282 4. "Tested-by:" is used to indicate that the person applied the patch
283 and found it to have the desired effect.
285 You can also create your own tag or use one that's in common usage
286 such as "Thanks-to:", "Based-on-patch-by:", or "Mentored-by:".
288 ------------------------------------------------
289 An ideal patch flow
291 Here is an ideal patch flow for this project the current maintainer
292 suggests to the contributors:
294 (0) You come up with an itch. You code it up.
296 (1) Send it to the list and cc people who may need to know about
297 the change.
299 The people who may need to know are the ones whose code you
300 are butchering. These people happen to be the ones who are
301 most likely to be knowledgeable enough to help you, but
302 they have no obligation to help you (i.e. you ask for help,
303 don't demand). "git log -p -- $area_you_are_modifying" would
304 help you find out who they are.
306 (2) You get comments and suggestions for improvements. You may
307 even get them in a "on top of your change" patch form.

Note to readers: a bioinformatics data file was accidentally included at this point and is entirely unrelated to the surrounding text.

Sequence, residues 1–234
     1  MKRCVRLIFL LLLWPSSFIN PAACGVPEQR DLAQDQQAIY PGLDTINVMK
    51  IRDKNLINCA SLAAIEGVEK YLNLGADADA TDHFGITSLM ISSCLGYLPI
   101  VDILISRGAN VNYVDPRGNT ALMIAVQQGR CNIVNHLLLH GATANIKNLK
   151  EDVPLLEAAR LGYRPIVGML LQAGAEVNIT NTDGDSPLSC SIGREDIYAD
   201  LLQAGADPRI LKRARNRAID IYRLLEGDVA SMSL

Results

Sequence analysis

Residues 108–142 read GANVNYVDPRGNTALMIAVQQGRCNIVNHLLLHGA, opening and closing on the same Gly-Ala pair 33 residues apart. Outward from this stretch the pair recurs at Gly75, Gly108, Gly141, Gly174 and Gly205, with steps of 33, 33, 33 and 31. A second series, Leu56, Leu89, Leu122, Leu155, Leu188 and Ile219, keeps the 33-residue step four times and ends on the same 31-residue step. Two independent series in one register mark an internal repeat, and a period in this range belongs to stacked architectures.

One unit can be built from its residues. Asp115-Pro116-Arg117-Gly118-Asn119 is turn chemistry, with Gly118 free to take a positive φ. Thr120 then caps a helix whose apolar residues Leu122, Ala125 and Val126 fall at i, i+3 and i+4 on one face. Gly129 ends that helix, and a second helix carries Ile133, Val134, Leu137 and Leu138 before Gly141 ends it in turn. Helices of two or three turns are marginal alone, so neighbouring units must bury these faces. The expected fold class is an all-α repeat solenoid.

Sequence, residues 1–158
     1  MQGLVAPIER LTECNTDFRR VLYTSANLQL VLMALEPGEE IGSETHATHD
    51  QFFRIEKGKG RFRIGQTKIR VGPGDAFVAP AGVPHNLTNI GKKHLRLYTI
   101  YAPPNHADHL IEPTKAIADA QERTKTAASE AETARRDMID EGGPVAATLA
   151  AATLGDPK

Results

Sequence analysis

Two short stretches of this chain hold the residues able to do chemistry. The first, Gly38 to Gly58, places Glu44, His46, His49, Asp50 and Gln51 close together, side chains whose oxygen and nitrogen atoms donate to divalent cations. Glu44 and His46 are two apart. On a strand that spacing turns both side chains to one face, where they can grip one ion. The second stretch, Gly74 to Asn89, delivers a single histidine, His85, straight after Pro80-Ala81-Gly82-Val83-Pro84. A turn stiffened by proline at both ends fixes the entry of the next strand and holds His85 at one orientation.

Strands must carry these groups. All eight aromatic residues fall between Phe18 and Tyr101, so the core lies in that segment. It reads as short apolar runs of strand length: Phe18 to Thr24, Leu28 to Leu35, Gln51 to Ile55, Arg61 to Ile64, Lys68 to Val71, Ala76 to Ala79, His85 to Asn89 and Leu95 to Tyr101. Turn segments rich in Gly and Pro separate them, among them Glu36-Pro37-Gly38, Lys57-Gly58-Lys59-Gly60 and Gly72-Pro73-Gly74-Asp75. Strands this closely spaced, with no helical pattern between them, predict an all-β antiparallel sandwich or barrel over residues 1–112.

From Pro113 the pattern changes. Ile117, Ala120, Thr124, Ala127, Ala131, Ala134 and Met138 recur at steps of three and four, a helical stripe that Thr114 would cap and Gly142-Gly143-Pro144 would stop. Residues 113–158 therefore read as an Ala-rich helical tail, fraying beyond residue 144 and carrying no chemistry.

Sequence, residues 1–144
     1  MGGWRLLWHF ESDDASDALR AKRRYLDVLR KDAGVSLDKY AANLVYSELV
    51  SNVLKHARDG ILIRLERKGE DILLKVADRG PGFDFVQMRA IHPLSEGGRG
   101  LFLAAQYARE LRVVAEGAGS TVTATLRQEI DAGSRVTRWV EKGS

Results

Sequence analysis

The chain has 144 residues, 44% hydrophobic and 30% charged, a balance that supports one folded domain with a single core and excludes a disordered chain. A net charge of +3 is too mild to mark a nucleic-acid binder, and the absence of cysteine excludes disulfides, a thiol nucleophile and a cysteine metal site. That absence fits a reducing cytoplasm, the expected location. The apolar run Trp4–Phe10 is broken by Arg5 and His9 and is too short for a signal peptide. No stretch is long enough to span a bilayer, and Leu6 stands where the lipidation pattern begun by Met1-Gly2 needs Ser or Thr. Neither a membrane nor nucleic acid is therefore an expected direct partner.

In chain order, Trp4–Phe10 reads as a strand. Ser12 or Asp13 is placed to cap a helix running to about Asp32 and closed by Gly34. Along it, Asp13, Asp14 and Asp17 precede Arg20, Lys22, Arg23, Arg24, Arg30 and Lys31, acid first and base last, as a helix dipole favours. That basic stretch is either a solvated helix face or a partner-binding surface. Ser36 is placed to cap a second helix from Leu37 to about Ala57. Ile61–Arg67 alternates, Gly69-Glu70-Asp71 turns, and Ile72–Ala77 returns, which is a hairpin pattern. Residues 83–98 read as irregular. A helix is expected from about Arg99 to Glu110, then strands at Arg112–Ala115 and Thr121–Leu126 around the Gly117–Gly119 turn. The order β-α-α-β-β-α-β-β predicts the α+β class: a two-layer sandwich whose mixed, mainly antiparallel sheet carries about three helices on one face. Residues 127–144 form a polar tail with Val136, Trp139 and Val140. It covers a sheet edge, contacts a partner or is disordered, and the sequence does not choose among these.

309 (3) Polish, refine, and re-send to the list and the people who
310 spend their time to improve your patch. Go back to step (2).
312 (4) The list forms consensus that the last round of your patch is
313 good. Send it to the list and cc the maintainer.
315 (5) A topic branch is created with the patch and is merged to 'next',
316 and cooked further and eventually graduates to 'master'.
318 In any time between the (2)-(3) cycle, the maintainer may pick it up
319 from the list and queue it to 'pu', in order to make it easier for
320 people play with it without having to pick up and apply the patch to
321 their trees themselves.
323 ------------------------------------------------
324 Know the status of your patch after submission
326 * You can use Git itself to find out when your patch is merged in
327 master. 'git pull --rebase' will automatically skip already-applied
328 patches, and will let you know. This works only if you rebase on top
329 of the branch in which your patch has been merged (i.e. it will not
330 tell you if your patch is merged in pu if you rebase on top of
331 master).
333 * Read the git mailing list, the maintainer regularly posts messages
334 entitled "What's cooking in git.git" and "What's in git.git" giving
335 the status of various proposed changes.
337 ------------------------------------------------
338 MUA specific hints
340 Some of patches I receive or pick up from the list share common
341 patterns of breakage. Please make sure your MUA is set up
342 properly not to corrupt whitespaces.
344 See the DISCUSSION section of git-format-patch(1) for hints on
345 checking your patch by mailing it to yourself and applying with